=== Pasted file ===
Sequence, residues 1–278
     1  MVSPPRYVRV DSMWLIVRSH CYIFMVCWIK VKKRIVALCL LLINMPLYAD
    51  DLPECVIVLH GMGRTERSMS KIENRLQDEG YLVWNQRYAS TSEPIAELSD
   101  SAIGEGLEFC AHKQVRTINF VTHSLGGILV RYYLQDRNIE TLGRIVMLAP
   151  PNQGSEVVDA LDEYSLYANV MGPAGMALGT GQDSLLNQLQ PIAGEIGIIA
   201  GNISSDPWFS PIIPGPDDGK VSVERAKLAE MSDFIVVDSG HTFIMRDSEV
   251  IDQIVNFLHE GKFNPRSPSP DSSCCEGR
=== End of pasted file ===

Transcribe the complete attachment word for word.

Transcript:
Sequence, residues 1–278
     1  MVSPPRYVRV DSMWLIVRSH CYIFMVCWIK VKKRIVALCL LLINMPLYAD
    51  DLPECVIVLH GMGRTERSMS KIENRLQDEG YLVWNQRYAS TSEPIAELSD
   101  SAIGEGLEFC AHKQVRTINF VTHSLGGILV RYYLQDRNIE TLGRIVMLAP
   151  PNQGSEVVDA LDEYSLYANV MGPAGMALGT GQDSLLNQLQ PIAGEIGIIA
   201  GNISSDPWFS PIIPGPDDGK VSVERAKLAE MSDFIVVDSG HTFIMRDSEV
   251  IDQIVNFLHE GKFNPRSPSP DSSCCEGR